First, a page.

AFL-CIO president Richard Trumka said Thursday that Obamacare's negative effect on creating more part-time hires by employers trying to avoid the mandate was a consequence "no one intended" that still needed to be addressed.
Responding to a question about Obamacare undermining the 40-hour work week because of its definition of full-time work, the union leader expressed concerns about the increased amount of part-time hires by businesses to stay below 50 full-time employees. The Obamacare mandate requires employers above that threshold to provide health insurance to all workers or face heavy fines.
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"Employers are trying to plan their future by creating a work force that gets 29-and-a-half hours or less a week so they don't have to pay health care," Trumka said. "That is obviously something that no one intended. No one intended for an act to be the result of people working fewer hours, just so they don't have to pay for health care, so that's something that needs to be addressed. Is that an issue? Yeah, that's an issue."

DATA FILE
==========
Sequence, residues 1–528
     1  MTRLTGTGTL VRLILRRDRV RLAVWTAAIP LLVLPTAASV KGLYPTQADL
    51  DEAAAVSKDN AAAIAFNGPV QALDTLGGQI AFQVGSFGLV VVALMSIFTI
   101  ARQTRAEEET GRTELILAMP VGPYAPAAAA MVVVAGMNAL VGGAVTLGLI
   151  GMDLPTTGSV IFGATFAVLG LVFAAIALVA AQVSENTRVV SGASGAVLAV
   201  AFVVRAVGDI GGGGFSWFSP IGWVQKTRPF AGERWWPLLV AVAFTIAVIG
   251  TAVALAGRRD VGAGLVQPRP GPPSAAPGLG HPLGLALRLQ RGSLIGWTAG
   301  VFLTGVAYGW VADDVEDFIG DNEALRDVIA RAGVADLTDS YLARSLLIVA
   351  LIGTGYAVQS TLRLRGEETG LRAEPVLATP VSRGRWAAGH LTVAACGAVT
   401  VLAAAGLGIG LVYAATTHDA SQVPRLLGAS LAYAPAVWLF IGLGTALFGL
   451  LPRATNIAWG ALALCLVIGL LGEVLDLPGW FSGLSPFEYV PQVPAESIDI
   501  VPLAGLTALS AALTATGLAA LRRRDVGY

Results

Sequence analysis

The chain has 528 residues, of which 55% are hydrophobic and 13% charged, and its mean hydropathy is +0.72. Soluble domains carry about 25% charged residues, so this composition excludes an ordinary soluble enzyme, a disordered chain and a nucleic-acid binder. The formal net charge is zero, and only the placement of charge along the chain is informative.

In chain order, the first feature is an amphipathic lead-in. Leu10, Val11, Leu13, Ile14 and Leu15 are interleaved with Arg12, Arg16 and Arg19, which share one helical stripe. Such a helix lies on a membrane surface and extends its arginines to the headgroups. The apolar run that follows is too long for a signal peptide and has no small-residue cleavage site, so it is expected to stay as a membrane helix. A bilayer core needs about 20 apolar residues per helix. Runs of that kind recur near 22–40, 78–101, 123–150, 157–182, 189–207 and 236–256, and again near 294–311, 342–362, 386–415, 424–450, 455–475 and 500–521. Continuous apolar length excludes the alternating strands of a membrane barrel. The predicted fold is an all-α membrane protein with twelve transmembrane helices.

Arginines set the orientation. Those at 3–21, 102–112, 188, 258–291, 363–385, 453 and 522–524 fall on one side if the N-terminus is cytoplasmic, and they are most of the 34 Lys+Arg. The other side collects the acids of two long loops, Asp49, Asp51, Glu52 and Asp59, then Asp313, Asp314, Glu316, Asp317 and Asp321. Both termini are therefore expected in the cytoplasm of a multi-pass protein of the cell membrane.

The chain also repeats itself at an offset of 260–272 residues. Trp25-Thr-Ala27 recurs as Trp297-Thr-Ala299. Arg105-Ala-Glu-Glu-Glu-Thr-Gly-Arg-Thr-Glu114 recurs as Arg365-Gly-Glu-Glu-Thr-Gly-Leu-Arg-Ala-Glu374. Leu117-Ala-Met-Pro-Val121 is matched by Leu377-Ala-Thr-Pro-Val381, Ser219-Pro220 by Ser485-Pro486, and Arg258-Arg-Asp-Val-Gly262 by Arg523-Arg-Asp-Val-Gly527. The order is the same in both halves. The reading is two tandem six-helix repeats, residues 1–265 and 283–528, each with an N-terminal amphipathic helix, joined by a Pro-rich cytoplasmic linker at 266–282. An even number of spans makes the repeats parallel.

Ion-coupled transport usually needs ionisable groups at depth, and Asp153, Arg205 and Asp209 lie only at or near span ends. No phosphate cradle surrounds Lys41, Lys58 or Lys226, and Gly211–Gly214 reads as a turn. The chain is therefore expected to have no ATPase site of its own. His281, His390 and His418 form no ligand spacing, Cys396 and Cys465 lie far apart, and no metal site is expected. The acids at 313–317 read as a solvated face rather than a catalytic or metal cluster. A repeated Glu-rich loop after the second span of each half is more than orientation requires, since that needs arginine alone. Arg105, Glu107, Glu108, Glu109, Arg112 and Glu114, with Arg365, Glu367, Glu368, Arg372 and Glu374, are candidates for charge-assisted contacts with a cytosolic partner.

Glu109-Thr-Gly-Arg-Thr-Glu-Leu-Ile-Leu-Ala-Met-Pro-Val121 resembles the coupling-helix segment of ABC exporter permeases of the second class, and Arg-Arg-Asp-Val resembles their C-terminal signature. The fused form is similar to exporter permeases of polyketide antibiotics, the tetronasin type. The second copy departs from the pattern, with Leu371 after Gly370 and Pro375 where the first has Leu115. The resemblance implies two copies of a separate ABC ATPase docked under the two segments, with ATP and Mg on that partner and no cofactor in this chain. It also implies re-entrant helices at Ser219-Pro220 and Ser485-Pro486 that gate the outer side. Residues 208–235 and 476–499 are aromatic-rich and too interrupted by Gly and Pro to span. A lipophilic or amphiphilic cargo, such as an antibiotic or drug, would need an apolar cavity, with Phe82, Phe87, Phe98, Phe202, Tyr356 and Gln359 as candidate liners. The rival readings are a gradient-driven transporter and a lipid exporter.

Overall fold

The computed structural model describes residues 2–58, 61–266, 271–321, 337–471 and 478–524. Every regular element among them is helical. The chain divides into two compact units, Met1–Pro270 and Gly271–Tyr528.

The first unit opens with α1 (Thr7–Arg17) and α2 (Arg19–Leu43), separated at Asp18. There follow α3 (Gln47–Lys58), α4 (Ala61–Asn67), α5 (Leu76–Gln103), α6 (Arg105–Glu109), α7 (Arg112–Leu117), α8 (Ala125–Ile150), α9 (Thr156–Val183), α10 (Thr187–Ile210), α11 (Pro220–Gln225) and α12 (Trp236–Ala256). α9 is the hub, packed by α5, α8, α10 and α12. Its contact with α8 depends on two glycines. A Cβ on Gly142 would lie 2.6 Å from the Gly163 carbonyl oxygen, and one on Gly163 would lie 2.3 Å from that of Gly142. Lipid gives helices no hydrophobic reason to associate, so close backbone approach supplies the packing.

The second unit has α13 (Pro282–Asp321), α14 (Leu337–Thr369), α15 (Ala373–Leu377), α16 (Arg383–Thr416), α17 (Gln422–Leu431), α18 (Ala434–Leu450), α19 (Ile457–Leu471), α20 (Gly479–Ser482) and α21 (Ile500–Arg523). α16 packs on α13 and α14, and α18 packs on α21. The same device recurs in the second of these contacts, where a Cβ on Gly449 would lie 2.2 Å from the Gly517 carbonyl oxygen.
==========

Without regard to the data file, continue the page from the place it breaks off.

Trumka also said mistakes were made in writing the law, and he added he would support changing Obamacare’s definition of a full-time work week from 30 hours to the 40-hour standard at a Christian Science Monitor breakfast.
Unions were largely supportive in the outset of Obamacare, but representatives of three of the largest ones in the country wrote a letter last month to Senate Majority Leader Harry Reid (D., Nev.) and House Minority Leader Nancy Pelosi (D., Calif.) warning the law would "shatter not only our hard-earned health benefits, but destroy the foundation of the 40 hour work week that is the backbone of the American middle class."